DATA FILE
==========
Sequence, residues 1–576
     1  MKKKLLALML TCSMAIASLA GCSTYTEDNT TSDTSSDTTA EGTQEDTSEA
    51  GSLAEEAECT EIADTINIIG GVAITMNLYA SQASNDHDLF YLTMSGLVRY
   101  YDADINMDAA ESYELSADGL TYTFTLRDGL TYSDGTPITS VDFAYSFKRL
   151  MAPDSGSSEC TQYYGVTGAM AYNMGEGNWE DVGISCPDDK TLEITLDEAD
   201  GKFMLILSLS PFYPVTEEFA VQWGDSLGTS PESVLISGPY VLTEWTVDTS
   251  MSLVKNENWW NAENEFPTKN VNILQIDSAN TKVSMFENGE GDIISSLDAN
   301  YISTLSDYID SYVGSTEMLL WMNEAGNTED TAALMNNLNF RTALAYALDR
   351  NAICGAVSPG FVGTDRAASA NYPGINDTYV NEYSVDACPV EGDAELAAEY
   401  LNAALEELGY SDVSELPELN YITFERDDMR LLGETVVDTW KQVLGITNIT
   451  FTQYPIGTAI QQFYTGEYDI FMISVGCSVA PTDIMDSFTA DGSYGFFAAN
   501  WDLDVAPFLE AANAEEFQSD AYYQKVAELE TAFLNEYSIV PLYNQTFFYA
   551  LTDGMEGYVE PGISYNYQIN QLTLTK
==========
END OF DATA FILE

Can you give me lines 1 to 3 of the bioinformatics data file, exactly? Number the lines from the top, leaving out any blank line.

Sequence, residues 1–576
     1  MKKKLLALML TCSMAIASLA GCSTYTEDNT TSDTSSDTTA EGTQEDTSEA
    51  GSLAEEAECT EIADTINIIG GVAITMNLYA SQASNDHDLF YLTMSGLVRY